Statin side effects: reason to consider the alternatives?

There’s been a lot of buzz about a new study published in the New England Journal of Medicine that found that statin use by people with low cholesterol but high levels of an inflammation marker (C-reactive protein, or CRP) very substantially decreased heart attack and stroke rates over a two-year period. The study participants were men 50 and older and women 60 and older with no history of cardiovascular disease or high cholesterol, but with high levels of CRP. Many also had other cardiovascular risk factors such as obesity, high blood pressure, or smoking.

Does this study suggest that millions of people with normal cholesterol levels but high levels of CRP should start taking statins on a regular basis? There is a caution here, which was raised by an editorial in the NEJM accompanying the study, and has been echoed in many other places, from the New York Times to the British Journal of Medicine: what about the long-term effects of taking statins? It was worrisome to note that in this study, participants taking the statin (Crestor) over the two-year period had an increase in diabetes. This finding brings to mind an unfortunate pattern marring the US drug approval process in recent decades: drugs win approval and are widely marketed, but several years later it turns out that there are side effects to long-term use, sometimes so prevalent and so severe that recommendations for use of the drug must be curtailed. So it’s best to give very careful thought to “who should take a statin?” (This was the title of the New York Times editorial regarding the study.)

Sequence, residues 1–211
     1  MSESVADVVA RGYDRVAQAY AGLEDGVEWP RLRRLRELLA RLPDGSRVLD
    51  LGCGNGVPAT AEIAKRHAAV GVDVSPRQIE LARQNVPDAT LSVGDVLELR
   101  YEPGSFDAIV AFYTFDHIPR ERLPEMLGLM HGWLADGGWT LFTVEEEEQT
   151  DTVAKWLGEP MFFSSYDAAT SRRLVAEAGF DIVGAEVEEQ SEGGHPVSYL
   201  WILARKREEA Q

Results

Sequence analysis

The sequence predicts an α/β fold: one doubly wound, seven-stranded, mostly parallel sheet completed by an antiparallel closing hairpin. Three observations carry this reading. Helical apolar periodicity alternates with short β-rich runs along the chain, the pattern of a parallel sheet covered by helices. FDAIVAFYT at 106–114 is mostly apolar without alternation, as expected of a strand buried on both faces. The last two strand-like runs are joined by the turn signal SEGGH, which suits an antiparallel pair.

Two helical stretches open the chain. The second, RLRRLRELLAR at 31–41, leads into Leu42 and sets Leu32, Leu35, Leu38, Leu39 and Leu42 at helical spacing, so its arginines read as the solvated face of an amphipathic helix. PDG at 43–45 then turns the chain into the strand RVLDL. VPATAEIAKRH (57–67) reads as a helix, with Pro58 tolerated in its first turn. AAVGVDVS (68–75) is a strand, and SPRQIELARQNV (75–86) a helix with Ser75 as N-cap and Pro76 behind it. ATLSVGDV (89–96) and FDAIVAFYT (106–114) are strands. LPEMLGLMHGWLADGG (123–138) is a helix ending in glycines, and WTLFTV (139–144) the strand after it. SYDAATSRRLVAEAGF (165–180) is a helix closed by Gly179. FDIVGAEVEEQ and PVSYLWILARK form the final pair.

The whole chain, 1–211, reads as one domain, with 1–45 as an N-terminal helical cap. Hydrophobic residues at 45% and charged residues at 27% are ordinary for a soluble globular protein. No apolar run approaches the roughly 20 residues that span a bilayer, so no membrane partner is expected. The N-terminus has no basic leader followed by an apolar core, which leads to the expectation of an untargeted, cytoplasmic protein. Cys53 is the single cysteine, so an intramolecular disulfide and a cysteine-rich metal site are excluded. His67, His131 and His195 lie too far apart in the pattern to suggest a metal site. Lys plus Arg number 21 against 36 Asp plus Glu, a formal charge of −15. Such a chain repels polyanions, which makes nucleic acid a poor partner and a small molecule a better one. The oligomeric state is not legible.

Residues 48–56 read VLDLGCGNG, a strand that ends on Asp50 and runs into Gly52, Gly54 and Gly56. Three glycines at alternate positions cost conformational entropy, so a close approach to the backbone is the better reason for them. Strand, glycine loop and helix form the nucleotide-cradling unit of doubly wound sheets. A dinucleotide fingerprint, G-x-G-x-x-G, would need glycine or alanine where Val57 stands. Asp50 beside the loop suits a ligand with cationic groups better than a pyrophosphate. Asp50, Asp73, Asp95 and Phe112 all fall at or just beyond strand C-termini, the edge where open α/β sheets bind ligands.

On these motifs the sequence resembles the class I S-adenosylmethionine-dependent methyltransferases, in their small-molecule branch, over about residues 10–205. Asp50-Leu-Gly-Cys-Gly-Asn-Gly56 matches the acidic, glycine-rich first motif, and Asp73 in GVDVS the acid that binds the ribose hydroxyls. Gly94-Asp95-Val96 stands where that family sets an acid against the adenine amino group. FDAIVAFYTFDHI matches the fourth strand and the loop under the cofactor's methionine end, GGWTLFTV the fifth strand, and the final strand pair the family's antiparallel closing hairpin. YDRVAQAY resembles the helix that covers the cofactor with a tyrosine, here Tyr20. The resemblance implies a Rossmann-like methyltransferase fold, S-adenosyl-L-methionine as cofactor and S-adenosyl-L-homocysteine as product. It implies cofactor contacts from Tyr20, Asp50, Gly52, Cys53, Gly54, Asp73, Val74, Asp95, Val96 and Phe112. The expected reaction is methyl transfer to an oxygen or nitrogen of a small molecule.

Furthermore, when discussing how to manage chronic conditions over the long term, we shouldn’t neglect good options in nutrition and dietary supplements. Here’s how George Carter at our sister organization FIAR puts it, in his direct response to the NEJM study:

Are there cheaper and safer alternatives to lowering CRP? Yes! A low-fat diet, for example, can cut CRP in half in 4 weeks.

How about just adding some fiber? See http://www.medscape.com/viewarticle/553590.
They found an 18.1% reduction in CRP using supplemental fiber. While rosuvastatin appears to have done better with a 37% reduction, just using fiber can get one half way there. Also, it is unclear what degree of reduction might be clinically important, although a generally agreed upon level of greater than 1.0 mg/liter CRP is considered problematic.

Vitamin C has also shown some benefit. One study reported that participants who took about 500 milligrams of vitamin C supplements per day saw a 24 percent drop in plasma C-reactive protein (CRP) levels after two months. Another study among healthy non-smokers saw a 25.3% reduction in CRP levels among those with a level greater than 1.0 mg/L at the beginning of the study.

We’ll conclude by adding that of course dietary supplements like fish oil (with their omega-3 fatty acids), niacin, pantethine, CoQ10 and the B vitamins also have a role to play in controlling cardiovascular risk. Their effectiveness has been widely studied and documented, they have been in use for a long time, and they have very well-known safety profiles. It only makes sense that these supplements should be part of the arsenal of protective and preventive means available to those concerned about managing risk to the heart and circulatory system.

References:

Ridker, PM, et al. Rosuvastatin to Prevent Vascular Events in Men and Women with Elevated C-Reactive Protein. NEJM, 9 Nov 2008

Who Should Take A Statin? Editorial in the New York Times, Nov. 17, 2008. Accessed at http://www.nytimes.com/2008/11/17/opinion/17mon2.html?hp

FIAR press release on NEJM statin study accessed at
http://www.fiar.us/StatinResultsMediaLetter.pdf

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